On July 12, 2016, the Atlanta Hawks announced they had signed veteran center Dwight Howard.
“We would like to welcome Dwight, and his family, home to Atlanta and into our Hawks basketball family. We feel Dwight will have a huge impact on both ends of the court with his physical presence and the force he brings to the game,” President of Basketball Operations and Head Coach Mike Budenholzer said, per NBA.com.
This is a great move for basketball reasons, but also because it brought a legendary player back home. Howard is from Atlanta, Georgia, and his presence, and cache will spark interest in the Hawks across the United States.
The Hawks are a playoff team in the Eastern Conference, qualifying every year since 2008, but have only one Conference Finals appearance in that time span.
Howard is a player that can change the negative spiral the Hawks find themselves in every spring, which is Atlanta is good in the regular season, but fades away in the playoffs. After all, he led the Orlando Magic to the NBA Finals in 2009. And, that Magic squad was one blundered away – Stan Van Gundy’s decision to bring Jameer Nelson back in the starting lineup, which destroyed the rotation – from winning it all.
Howard will strengthen Atlanta’s defense, which was one of the best unit in the NBA, a year ago. According to ESPN.com, the Hawks had the second best defensive efficiency, behind San Antonio, at 98.8. This defense could potentially be the best in the NBA, which could translate to a more successful post-season for Atlanta. After all, defense wins championships.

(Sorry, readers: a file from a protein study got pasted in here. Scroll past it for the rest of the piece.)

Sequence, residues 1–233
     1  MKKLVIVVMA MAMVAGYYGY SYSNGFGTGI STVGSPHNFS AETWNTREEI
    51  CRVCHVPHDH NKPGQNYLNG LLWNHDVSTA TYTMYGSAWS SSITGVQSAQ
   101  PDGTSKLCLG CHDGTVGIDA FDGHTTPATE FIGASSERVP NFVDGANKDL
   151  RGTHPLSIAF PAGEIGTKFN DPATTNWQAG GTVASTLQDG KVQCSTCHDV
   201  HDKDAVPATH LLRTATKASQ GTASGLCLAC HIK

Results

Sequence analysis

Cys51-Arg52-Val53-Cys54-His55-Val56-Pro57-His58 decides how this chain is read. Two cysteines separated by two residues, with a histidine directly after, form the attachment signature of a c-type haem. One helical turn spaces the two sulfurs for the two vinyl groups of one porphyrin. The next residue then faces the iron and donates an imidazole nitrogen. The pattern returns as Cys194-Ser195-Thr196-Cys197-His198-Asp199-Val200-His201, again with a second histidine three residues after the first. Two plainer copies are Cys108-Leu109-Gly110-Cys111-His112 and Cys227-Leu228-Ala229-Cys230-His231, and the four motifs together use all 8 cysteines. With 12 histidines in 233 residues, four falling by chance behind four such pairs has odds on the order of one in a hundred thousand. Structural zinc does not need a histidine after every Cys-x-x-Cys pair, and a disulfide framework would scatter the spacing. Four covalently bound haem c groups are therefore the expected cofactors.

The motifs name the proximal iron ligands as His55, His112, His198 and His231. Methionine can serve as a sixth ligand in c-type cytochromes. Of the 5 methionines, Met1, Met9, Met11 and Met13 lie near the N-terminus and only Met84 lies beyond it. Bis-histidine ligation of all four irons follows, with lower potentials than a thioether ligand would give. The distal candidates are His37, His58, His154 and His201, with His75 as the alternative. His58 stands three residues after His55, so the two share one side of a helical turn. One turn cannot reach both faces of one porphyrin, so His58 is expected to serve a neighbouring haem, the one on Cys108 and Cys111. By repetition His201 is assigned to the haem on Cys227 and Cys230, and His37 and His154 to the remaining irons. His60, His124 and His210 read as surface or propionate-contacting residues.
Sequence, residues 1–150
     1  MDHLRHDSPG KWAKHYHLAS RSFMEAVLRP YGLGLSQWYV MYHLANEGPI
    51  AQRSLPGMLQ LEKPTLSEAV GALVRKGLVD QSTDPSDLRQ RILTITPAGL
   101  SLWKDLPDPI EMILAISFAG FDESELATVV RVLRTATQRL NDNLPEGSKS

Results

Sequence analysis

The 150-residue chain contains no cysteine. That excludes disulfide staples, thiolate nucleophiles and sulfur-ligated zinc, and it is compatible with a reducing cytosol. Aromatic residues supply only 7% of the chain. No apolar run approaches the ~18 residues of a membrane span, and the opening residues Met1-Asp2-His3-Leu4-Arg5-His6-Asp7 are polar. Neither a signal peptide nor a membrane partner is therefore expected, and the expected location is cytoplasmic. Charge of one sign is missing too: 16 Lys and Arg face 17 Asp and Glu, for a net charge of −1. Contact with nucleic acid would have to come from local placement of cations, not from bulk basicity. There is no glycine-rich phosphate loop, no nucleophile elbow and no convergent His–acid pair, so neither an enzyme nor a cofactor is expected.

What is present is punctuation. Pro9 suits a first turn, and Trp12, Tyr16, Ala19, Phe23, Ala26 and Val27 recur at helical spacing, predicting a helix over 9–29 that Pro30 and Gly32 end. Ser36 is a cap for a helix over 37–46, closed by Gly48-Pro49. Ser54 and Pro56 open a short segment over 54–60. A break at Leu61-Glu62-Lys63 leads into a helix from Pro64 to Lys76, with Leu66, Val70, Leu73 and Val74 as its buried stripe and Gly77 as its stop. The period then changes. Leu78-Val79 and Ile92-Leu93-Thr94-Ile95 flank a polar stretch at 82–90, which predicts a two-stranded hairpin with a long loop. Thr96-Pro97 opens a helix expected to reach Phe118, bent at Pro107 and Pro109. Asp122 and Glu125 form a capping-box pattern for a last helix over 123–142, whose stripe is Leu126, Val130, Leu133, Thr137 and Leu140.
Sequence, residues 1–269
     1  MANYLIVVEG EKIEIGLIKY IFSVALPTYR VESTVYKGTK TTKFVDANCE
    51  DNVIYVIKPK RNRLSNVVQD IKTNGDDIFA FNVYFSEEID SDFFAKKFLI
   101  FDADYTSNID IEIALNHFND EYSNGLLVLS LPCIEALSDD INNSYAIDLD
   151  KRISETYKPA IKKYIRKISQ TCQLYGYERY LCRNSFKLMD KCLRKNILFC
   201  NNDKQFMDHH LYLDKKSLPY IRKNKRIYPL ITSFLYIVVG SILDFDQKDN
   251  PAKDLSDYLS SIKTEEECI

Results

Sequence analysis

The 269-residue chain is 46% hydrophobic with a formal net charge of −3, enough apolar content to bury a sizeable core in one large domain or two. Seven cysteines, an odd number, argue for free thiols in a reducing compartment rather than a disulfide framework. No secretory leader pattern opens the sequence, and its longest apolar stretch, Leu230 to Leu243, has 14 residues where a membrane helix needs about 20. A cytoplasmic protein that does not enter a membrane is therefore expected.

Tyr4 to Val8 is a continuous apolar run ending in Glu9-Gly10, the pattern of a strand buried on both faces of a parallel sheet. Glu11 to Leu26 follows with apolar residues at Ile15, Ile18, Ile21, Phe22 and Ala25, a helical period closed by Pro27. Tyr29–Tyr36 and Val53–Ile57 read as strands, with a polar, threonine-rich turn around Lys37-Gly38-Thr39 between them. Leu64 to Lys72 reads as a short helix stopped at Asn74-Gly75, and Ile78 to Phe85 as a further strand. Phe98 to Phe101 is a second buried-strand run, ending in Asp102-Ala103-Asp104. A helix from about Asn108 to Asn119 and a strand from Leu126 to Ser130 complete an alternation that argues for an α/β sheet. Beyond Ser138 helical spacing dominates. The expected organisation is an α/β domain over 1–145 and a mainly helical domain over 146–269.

However, the Hawks are not a good rebounding team, because Al Horford, now in Boston, played out of position during his tenure with the team. Dwight Howard will change that immediately because he plays his natural position. He has a career average of 12.7 rebounds per game, and recorded 613 double-doubles.
According to NBA.com, Howard ranks 13th in NBA history in rebounds per game, 20th in blocks per game, 21st in blocked shots (1,824), and 27th in total rebounds (11,149).
A year ago, Atlanta was horrendous in rebounding, ranking 25th in defensive rebounding behind the Los Angeles Lakers! And dead last in offensive rebounding (30th). Dwight Howard will turn those numbers around.
When you consider that the Hawks are a pretty good shooting team, tied with Toronto for seventh best in the NBA at 55.2 per cent in true shooting percentage. Although their offensive efficiency ranks low (18th in the NBA), they still average over 100 points per 100 possessions (103.0). Atlanta can score; they just need to be more efficient with their offensive possessions.
The knock against Atlanta, in recent years, has been that they don’t have a go-to guy that can win them tough contests; however, with a collection of talents spread around the court, and an immovable pillar below the rim, the Hawks could shoot the lights out of a gym, and Dwight Howard would only have to rebound and execute put-back dunks.
The 2016-17 Atlanta Hawks could look a lot like the 2008-10 Orlando Magic squads that did not have great outside players, but players who collectively could shoot (very) well, and a monster in the middle of the paint.
Atlanta could very well be Dwight Howard’s last stop in the NBA, and with his career on the line, in the town where he was born, could Howard make believers in all of us that he has changed since the ugly on-going battle to leave Orlando in 2012?